Irene lifts her chin and draws a slow, steadying breath. "I'll be alright - eventually, I'm sure." She says, seemingly resolute. Either she is being incredibly stubborn and willful, or else, she is suffering from some sort of shock where she isn't really feeling anything.
Then, the harsh light in her eyes begins to dim, and the set of her jaw relaxes as her body sags. Leaning into Faulkner, she rests her head against his shoulder and murmurs softly: "I'm sorry, Birdie… can you ever forgive me?" She asks, not even sure if he'll be alright, now.

Faulkner strokes his fingers through her hair and clutches her against his shoulder. "Shhh…" he says, just letting her get it all out. Eventually, though, he says, "There's nothing to forgive, Irene. Nothing at all. You didn't do anything wrong."

He doesn't push her away - as some small, fearful corner of her heart thought he might. Instead, he holds her even closer. It takes time, but some small fragment of emotion seems to ease its way back into Irene as Faulkner holds her against him. Closing her eyes, she tries to stop it from happening, but several tears slip by and drop onto his jacket, just over his heart.
"Do you still…" She begins to ask a question, almost uncertain of the way to word it. Does he still want her, now? Does he still love her? "I've put you through such hell all along, and now this."

"Love is patient, love is kind, etcetera, and so on." Faulkner says, shaking his head slowly, as if surprised that she'd even ask such a thing. "Yes, I still want to be with you. Anything worth having is worth fighting for, isn't it? Though I'd appreciate some peace and quiet for a while, and I'm sure you would, too."

Relieved, Irene softly nestles her head against Faulkner again, just existing for a few moments in total silence between the two of them. "I just want…" What does she want? Can she even put into words what she wants and needs most of all. Him and his love and affection - those are a given. Of course she wants those, but something harder to define lurks in the background. Finally, it comes to her. "I just want to rest a while. To sleep… for once." And well he knows that she is both a light and easily disturbed sleeper. Now, all she wants is to have a fragment of peace within and without.

"You do. Sleep easy, no less, instead of on edge." Faulkner agrees. "You know, they say the same thing about pilots. You get a twitch, you know. From always looking over your shoulder. It's enough to make a chap paranoid." He continues to just hold her there - or let her stay curled up, at least - "You've got a very important job, from what I understand. A lot of stress."

Somewhere in the depths of Irene's mind, she likely has an exact body-count of all the people she either found dead, mutilated or watched die before her eyes over the course of the last year. Including that one who ended up with a bullet between the eyes, while he was using her as a shield.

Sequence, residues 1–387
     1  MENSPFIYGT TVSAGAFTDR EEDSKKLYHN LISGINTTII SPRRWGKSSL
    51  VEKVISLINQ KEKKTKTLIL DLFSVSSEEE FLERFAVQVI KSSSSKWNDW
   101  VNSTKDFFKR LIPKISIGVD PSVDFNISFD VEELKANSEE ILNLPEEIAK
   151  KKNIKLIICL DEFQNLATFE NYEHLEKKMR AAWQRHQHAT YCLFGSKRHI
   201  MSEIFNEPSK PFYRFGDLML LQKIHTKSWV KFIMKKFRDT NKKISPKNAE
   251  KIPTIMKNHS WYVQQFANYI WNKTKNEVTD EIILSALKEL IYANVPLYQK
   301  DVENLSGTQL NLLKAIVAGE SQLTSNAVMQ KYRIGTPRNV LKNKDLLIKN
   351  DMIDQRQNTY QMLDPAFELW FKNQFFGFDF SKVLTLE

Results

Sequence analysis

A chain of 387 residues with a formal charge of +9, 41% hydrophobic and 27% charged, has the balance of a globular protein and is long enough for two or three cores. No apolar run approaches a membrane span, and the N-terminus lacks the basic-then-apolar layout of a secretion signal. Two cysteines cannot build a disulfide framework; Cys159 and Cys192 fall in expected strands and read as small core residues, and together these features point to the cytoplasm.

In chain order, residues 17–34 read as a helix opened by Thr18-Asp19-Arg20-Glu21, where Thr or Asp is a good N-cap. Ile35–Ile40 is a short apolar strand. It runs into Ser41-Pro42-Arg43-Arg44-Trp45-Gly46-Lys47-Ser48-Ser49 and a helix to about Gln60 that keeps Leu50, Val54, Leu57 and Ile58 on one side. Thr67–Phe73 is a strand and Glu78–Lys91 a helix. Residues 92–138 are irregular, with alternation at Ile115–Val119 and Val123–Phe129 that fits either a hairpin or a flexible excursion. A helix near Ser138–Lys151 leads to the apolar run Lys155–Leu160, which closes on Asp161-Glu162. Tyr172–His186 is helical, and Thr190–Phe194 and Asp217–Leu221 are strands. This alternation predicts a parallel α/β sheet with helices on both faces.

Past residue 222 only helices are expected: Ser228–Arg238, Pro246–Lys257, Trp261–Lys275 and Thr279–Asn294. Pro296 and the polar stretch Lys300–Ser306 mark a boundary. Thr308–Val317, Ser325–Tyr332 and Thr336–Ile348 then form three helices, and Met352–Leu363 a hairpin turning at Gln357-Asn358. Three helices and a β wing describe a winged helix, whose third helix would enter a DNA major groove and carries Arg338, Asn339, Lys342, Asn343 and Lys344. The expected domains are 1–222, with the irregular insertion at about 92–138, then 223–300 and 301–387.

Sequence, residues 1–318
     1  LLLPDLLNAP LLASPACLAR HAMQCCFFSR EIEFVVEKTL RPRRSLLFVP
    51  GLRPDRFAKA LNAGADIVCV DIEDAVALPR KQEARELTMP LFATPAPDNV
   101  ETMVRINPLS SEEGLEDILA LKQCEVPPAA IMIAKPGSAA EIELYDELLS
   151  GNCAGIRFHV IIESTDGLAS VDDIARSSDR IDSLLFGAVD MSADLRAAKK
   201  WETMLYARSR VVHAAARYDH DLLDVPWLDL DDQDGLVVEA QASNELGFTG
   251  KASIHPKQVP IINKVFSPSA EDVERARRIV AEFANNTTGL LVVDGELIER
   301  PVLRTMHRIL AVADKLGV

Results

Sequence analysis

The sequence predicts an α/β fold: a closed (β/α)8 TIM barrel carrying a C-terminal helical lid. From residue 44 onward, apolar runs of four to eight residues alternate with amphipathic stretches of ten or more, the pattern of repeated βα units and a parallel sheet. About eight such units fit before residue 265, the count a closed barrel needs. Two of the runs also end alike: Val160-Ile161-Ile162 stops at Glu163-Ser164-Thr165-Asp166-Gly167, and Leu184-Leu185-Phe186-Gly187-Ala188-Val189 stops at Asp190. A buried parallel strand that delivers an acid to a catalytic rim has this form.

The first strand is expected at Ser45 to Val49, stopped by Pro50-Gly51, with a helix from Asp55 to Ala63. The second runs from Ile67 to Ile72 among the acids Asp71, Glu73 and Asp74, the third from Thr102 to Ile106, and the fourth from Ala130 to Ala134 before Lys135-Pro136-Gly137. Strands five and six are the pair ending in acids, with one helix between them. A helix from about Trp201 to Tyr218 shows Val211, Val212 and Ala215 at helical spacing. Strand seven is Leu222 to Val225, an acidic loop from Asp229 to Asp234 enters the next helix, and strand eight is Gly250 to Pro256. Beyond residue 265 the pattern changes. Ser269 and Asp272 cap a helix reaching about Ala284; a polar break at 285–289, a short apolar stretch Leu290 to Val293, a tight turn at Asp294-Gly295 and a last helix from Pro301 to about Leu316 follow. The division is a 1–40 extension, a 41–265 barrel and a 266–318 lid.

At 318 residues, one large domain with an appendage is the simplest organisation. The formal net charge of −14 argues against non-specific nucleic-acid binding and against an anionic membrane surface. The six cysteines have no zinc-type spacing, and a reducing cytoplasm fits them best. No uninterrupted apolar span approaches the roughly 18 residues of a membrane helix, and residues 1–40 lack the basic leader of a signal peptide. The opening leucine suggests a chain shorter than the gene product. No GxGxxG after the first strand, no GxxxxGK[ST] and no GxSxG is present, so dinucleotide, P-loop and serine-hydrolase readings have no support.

"Important." She repeats quietly, sounding unconvinced of herself. "Saved London from burning down." That's important, right? "But, so many times, I can't save people. I try…" Again, she closes her eyes and cuddles against him, not caring who sees.
"I suppose I'm something like you." Irene muses, stating the obvious. "And you're something like me. It's not a fairytale like Charlie thinks I've dreamed up for myself. I know it ain't a fantasy. It's very real."

"In that we've both seen too many people die? We're not supposed to talk about that, you know. Chin up, stiff upper lip, that sort of thing. In reality, though, the midden will fit only so much before it overflows." Faulkner explains to her, pausing just a moment to sip his cooling hot drink. "I'm far from a fantasy. But I try, too. Yes, just like you."

A strange sort of shift comes over the small woman's demeanor rather abruptly. Sitting up in a slow, careful motion, as if slightly pained, Irene looks directly at Faulkner. Raising her hand to brush gently against his cheek, her mind struggles again to find the words she longs to say to make everything right. Failing that, she whispers: "No matter what happens, it's going to be alright. You hear me?" Whatever time they have together, it's going to count. And whatever ends they may meet, they will have had each other. That's what really counts. It's not a fairytale - it's just love. Just as Faulkner said in the letter that still rests over her heart inside of the coat.

"I know, darling." Faulkner says, "And I'll be here for you, if its in my power to be." He gives her a fierce hug, and then says, "Now, why don't we get something to eat and then… go somewhere more private. I only have the afternoon, but…" Well, might as well get reacquainted, right? He kisses her cheek as well.

Irene would object that she isn't very hungry; but, she knows that Faulkner won't take no for an answer. He's determined that she take better care of herself if he has to badger her gently into doing it.
Leaning close, she brushes her lips against his cheek in a feather-soft kiss. And then, she does her very best to offer a small, but genuine smile. They'll work it out, somehow. In her heart, she really does believe it will be alright… someday.